The Gunners exploited the Bavarians' old flaws on Wednesday and better teams could expose them in the coming stages of the competition
By Enis Koylu
And that is the definition of dodging a bullet. It would have taken a miracle for Arsenal to knock out Bayern Munich after the Bavarians claimed a brilliant 3-1 win at the Emirates, yet Jupp Heynckes' side flew dangerously close to that unacceptable eventuality, losing 2-0 with a whimper on their own turf, progressing via the away goals rule.
The performance in London was nothing short of astonishing. They tormented Arsenal, putting them to the sword brilliantly with early goals from Toni Kroos and Thomas Muller. Arsenal have their problems, but to see anyone dominate them so on in London was breathtaking.
With Real Madrid and Barcelona floundering, the title seemed theirs for the taking.
Three weeks on, Bayern had further impressive victories over the likes of Borussia Dortmund under their belts as Arsenal's pursuit of a top-four Premier League finish was given a serious hit by a 2-1 defeat to Tottenham, with their defence in disarray.
And yet, when the two sides met at the Allianz Arena on Wednesday, it was Arsenal who were on top, taking the lead after a matter of minutes. Bayern may have had the territorial advantage throughout, but save an Arjen Robben burst after Muller's pass, they never truly looked like scoring.
Their performance was lax, their defence poor and midfield anaemic. Kroos skewed several shots high and wide, Mario Mandzukic was a non-entity up front and Luiz Gustavo failed to stake his claim for a first-team place.
Were it not for the former Wolfsburg striker's highly fortuitous strike late on in the first leg, they may well be out of the tournament now.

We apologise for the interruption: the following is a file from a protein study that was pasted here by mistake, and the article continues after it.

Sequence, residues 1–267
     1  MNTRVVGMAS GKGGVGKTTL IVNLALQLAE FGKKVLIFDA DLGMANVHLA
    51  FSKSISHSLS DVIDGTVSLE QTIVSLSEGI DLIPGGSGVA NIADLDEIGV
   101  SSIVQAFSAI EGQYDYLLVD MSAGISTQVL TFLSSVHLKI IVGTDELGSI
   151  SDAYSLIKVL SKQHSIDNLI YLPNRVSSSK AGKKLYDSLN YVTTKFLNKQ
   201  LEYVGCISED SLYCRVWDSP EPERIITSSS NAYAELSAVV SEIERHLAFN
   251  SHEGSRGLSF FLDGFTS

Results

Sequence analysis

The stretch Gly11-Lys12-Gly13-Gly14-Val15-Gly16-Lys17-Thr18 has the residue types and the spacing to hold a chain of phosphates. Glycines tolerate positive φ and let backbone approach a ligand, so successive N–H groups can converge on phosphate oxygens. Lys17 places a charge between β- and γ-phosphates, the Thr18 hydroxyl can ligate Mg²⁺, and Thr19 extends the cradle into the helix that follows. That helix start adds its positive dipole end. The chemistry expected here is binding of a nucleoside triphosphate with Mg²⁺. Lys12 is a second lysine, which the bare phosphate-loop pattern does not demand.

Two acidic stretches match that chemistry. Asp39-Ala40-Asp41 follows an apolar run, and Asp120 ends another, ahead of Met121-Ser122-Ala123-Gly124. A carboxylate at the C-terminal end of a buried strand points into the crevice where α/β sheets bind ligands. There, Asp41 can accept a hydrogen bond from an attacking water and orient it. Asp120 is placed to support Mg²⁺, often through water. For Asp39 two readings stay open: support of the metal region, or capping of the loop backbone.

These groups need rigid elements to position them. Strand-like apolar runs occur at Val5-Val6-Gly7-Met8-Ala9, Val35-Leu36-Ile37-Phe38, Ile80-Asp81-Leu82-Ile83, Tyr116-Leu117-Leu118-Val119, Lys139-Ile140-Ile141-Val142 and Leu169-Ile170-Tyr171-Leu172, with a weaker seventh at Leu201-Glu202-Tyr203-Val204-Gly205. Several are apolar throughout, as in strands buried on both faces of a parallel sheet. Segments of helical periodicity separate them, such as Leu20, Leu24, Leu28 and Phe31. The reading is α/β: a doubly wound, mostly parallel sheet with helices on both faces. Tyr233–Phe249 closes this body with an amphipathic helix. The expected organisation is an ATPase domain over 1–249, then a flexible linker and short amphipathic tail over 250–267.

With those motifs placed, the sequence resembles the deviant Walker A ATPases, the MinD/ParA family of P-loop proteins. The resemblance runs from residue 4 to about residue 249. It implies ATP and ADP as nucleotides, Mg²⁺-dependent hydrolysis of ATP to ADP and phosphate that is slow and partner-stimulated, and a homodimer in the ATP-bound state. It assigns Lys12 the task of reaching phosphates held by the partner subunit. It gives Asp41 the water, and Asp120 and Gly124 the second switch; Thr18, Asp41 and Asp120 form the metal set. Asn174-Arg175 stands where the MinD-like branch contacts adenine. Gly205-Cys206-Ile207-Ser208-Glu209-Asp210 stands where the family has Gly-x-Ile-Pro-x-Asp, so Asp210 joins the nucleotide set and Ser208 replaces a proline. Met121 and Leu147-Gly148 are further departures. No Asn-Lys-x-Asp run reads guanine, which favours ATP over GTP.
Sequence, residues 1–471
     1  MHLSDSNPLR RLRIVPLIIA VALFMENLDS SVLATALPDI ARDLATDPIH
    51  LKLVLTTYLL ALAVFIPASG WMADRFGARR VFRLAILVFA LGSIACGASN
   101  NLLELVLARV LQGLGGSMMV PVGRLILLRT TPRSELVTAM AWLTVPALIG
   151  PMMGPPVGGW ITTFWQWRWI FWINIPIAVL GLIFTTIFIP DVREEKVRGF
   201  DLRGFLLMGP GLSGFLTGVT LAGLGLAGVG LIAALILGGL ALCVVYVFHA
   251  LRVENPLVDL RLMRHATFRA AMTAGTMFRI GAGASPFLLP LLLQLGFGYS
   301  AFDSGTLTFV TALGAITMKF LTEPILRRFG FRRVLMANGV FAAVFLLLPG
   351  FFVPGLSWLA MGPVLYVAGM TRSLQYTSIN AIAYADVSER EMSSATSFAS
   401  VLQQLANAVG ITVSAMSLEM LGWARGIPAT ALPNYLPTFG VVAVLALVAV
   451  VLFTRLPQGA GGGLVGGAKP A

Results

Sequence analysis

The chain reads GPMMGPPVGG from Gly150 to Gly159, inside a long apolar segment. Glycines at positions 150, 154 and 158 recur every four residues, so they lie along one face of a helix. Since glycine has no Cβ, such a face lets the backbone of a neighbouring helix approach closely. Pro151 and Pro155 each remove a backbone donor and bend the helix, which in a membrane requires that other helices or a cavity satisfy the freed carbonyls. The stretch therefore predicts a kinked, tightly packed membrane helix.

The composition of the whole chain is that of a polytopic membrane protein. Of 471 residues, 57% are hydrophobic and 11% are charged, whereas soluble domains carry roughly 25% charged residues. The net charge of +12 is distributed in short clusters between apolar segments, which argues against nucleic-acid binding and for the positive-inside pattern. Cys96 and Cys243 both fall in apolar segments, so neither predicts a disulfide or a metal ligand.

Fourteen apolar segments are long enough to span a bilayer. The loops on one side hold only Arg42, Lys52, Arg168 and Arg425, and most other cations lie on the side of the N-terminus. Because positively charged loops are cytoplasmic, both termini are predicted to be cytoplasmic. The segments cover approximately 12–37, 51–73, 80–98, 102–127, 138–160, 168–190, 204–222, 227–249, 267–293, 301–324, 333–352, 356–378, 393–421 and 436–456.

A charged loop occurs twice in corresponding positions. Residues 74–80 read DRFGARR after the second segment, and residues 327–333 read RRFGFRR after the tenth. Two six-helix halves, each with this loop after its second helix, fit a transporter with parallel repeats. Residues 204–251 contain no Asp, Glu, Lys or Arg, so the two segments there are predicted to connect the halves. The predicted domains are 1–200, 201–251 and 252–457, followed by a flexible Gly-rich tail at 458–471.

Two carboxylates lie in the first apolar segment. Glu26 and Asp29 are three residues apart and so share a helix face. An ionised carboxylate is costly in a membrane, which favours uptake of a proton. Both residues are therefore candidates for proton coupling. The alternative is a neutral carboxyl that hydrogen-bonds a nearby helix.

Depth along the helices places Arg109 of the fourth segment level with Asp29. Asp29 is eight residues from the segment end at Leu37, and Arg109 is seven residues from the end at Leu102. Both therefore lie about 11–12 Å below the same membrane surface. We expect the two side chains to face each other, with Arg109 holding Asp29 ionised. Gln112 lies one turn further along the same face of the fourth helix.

And, the fact is, Arsenal are little more than an average team these days. A shadow of the sides that preceded them, Wenger's men lack any sort of defensive solidity and attacking brilliance. To cap it all, they were playing a goalkeeper who had not played in 13 months and missing their best midfielder.
Bayern's XI was better in almost every department, yet they could not find a way past them.
Disappointing defeats have become an Allianz Arena hallmark in recent years. Their capitulation against Inter in 2011 after taking a lead back to Germany from San Siro should have been a wake-up call, but complacency struck them once more in the final last year against Chelsea.
The fragility has crept into the national team's fortunes, too, with Bayern's stars delivering a poor performance against Italy in the European Championship last summer when they arguably should have won, before contriving to throw away a four-goal lead against Sweden just a few months ago.
|"I don't know if Bayern are ready to win this title. We played against Barcelona on two occasions in recent years, and they are the best team"
- Arsene Wenger
And it could come back to haunt Bayern again. With Real Madrid finally hitting their stride and Barcelona rediscovering their touch, the title of the best team in Europe bestowed onto them after the first leg could well soon be taken away.
For his part, Wenger doubts their credentials as a Champions League winning team. "I don't know if Bayern are ready to win this title. We played against Barcelona on two occasions in recent years, and they are the best team."
The progress they have made in recent years has been extraordinary. They have transformed themselves from a team who failed to beat Bolton to European Cup finalists twice in three years. But they still have huge problems in the psychological department that must be fixed before they establish themselves as the best.
Bayern survived on this occasion. Against better opposition they won't, unless they learn from their mistakes.
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